California Agriculture, May-June 1997
Volume 51, Number 3
Desert Agriculture: The challenge and the promise
peer-reviewed research articles
Forage demand rises as supplies wane: Growers face critical juncture in desert forage production
by Dan Putnam , Robert Kallenbach
Forages dominate the low-desert agricultural landscape. Competition for water resources is intensifying in desert regions at the same time that demand for high-quality forage crops is increasing. California is a forage-deficit state and is likely to remain so in the future. To improve and sustain forage production in the desert, research and education efforts must address limited water supplies and pest problems. Forage research should focus on the critical issues of irrigation efficiency, pest control, use of alternative forages and improvements in forage quality.
Appropriate market is key to success of dairying in Imperial Valley
by L.J. (Bees) Butler , Javier Ekboir
Growth and development pressures and environmental regulations are forcing dairy enterprises in the Chino Valley to relocate. Alternative areas for producing raw milk for the Los Angeles–San Diego basin will be needed. Two areas of particular interest are the Imperial and Palo Verde valleys. For the scenario studied, milk can be produced in the Imperial Valley at least as efficiently and cheaply as in the southern San Joaquin Valley. Transportation costs will determine profitability. Establishing a viable dairy industry in the Imperial Valley will also depend on the size of herds, the establishment of milk processing plants and the regulatory environment that surrounds it.
Breeding resistant alfalfa holds promise for silverleaf whitefly management
by Larry R. Teuber , Michael E. Rupert , Larry K. Gibbs , Ken L. Taggard
Since 1991, the silverleaf whitefly has caused serious damage to alfalfa production in the southern desert region. Reports from the Imperial County Agricultural Commissioner suggest that direct and indirect effects of the whitefly have caused average forage yields to decrease by 17%. Recently developed plant-breeding procedures are proving successful in developing genetic resistance to this insect. We expect to have adapted cultivars with silverleaf whitefly resistance available to growers by 2000.
Imperial Valley conditions limit Karnal bunt in wheat
by Gerald J. Holmes , Lee F. Jackson , Thomas M. Perring
The amount of disease occurring in any given area depends on the presence of the pathogen in sufficient abundance, susceptible hosts and favorable climatic conditions. Each of these factors were severely limiting to the establishment of Karnal bunt (KB) in the Imperial Valley during the 1996 growing season, and none of the 1,476 fields (106,592 acres) tested was shown to be infected with KB. Karnal bunt does not appear to be a threat to wheat production in the Imperial Valley because desert conditions are unfavorable for its development. However, this does not rule out the possibility that low levels of disease may occur occasionally. Assuming that current growing conditions continue and that KB-free seed is planted, the Imperial Valley is at low risk for a KB outbreak.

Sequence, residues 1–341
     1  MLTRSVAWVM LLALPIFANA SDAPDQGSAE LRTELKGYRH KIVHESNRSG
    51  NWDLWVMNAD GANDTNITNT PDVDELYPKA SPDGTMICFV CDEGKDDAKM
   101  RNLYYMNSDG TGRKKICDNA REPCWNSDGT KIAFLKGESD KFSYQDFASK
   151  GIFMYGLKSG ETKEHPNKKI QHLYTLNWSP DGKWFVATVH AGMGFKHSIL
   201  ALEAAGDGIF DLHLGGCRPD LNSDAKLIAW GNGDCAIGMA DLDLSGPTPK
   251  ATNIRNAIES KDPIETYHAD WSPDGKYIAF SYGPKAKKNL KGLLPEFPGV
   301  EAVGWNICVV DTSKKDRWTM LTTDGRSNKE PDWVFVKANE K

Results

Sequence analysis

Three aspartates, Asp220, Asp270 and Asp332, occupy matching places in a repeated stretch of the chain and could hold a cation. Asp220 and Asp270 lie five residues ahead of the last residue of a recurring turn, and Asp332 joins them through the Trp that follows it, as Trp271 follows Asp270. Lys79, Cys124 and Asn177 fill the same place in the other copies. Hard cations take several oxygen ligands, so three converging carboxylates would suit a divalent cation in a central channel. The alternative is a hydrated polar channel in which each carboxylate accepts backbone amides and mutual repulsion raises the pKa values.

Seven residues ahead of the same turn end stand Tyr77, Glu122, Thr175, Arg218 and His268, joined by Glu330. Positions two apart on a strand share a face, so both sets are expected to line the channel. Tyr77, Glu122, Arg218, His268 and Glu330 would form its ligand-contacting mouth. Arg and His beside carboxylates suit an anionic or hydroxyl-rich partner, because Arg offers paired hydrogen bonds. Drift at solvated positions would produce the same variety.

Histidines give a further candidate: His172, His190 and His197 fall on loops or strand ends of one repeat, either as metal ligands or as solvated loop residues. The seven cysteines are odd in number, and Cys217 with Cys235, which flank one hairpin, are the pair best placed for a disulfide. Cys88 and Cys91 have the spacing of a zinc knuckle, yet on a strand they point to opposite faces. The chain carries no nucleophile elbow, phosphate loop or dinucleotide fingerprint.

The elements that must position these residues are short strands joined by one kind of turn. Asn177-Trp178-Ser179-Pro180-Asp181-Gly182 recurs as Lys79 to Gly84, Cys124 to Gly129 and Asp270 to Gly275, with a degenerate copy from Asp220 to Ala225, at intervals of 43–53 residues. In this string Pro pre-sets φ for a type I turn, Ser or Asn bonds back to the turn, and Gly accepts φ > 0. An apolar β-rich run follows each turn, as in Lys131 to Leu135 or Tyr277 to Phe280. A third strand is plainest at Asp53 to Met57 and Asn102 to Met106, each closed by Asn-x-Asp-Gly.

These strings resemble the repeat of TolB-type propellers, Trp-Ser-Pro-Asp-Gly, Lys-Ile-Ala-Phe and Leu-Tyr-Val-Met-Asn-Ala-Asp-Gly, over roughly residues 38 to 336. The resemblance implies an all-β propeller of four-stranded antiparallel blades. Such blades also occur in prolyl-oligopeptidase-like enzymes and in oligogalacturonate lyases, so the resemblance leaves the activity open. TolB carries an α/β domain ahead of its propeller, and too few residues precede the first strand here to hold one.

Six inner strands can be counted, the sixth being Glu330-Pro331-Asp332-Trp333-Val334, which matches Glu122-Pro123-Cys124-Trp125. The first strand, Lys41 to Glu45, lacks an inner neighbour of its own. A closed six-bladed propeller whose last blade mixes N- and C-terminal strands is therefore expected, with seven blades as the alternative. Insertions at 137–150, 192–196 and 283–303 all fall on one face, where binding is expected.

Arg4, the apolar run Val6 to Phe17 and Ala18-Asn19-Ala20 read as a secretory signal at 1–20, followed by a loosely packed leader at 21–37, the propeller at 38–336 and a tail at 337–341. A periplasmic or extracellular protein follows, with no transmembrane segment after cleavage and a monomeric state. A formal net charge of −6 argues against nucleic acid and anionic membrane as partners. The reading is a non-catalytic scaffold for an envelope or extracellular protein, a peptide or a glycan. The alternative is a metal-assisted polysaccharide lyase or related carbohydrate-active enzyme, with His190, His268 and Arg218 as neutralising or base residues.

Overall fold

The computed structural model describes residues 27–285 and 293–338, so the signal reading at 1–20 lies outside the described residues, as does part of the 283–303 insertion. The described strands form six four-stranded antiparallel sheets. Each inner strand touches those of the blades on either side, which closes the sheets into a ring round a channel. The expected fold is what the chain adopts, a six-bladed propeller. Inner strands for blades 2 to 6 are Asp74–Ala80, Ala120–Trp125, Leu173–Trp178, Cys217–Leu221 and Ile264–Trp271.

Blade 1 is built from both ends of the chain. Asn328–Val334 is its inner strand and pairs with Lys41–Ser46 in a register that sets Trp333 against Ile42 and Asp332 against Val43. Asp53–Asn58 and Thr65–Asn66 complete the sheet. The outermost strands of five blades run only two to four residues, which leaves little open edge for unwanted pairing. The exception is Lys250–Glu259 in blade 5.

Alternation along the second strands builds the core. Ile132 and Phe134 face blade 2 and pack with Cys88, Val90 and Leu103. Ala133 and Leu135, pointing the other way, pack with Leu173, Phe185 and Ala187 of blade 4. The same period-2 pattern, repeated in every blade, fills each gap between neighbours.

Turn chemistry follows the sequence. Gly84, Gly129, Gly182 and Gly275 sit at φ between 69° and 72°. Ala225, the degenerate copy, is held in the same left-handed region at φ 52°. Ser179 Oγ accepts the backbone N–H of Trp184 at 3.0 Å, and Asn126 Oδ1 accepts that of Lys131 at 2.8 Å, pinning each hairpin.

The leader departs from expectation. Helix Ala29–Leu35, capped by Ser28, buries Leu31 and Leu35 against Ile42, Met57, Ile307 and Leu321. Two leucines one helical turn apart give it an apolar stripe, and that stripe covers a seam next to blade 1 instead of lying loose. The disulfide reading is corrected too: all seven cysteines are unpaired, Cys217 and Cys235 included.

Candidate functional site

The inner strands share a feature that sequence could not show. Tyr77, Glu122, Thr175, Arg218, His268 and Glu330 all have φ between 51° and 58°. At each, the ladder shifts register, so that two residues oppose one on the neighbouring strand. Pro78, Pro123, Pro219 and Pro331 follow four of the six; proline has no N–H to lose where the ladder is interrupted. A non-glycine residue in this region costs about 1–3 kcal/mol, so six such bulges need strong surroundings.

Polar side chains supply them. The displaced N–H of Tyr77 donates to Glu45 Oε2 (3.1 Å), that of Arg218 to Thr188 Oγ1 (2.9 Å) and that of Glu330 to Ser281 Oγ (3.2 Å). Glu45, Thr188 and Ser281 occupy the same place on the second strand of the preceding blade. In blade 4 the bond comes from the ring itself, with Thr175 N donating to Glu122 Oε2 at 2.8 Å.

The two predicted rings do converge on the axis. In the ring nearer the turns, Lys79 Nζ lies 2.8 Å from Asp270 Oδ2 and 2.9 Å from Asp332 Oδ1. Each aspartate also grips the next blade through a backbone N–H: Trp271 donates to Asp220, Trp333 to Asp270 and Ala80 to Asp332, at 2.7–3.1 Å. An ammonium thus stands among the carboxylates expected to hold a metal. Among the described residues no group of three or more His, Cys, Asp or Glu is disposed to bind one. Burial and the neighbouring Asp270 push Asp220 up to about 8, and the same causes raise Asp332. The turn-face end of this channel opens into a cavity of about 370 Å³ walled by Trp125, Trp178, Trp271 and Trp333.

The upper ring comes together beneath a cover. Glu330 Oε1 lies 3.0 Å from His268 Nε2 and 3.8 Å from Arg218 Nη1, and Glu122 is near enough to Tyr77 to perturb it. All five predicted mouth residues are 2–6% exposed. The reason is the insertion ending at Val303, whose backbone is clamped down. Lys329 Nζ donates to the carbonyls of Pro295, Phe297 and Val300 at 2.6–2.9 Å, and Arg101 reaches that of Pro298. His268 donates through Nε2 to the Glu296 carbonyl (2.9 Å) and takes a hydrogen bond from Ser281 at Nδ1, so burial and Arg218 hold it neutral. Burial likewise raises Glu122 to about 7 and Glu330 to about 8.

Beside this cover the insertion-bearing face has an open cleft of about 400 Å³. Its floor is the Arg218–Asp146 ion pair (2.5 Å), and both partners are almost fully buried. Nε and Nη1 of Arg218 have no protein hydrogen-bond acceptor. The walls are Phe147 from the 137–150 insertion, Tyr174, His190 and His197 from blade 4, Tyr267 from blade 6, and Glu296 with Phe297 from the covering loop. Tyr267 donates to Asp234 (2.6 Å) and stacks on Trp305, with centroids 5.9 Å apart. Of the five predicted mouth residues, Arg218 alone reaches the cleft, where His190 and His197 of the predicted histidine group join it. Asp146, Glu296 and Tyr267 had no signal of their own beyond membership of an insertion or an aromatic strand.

Continuous ponding and shallow aquifer pumping leaches salts in clay soils
by Mark E. Grismer , Khaled M. Bali
Poor water penetration and high soil salinity can be particularly detrimental to crop production in arid regions. In the Imperial Valley, roughly half of the crop acreage is planted on clay soils with very low water infiltration rates. A 30-year study showed that traditional subsurface-drainage systems provide limited control of soil water content and salinity in the root zone in clay soils underlain by artesian aquifers. In a more recent 3-year study at the UC Desert Research & Extension Center, a shallow drainage-well system improved water movement through the soil profile and was useful in leaching salts from clay soils only after continuous surface ponding and groundwater pumping. Continuous ponding for 1 month was sufficient to leach some of the salt deeper in the heavy soil.
Irrigation shifts toward sprinklers, drip and microsprinklers
by Susan Edinger-Marshall , John Letey
From 1972 to 1995, gravity irrigation (flood, furrow and so on) has decreased by about 20% on an acreage basis, while sprinkler irrigation has increased by about 8% and microirrigation, including drip and microsprinklers, has increased by about 12%. These statewide estimates exclude rice acreage and are based on surveys commissioned by the California Department of Water Resources and the U.S. Bureau of the Census. Irrigation districts, UCCE farm advisors and specialists, the Natural Resource Conservation Service (NRCS) and the U.S. Bureau of Reclamation (USBR) were other sources of information. Different irrigation methods have different implications for crop yield, water conservation and water-quality protection. With the advent of chemigation and fertigation, future surveys should collect information about both irrigation and associated agricultural chemical practices.
editorial, news, letters & science briefs
Research can help desert growers in an era of water constraints
by W.R. Gomes
Challenge, promise for nation's “winter salad bowl”
by Kathy Barton
A river runs through desert agriculture
by Tim Stephens
Scientists pit parasitoids against leafhoppers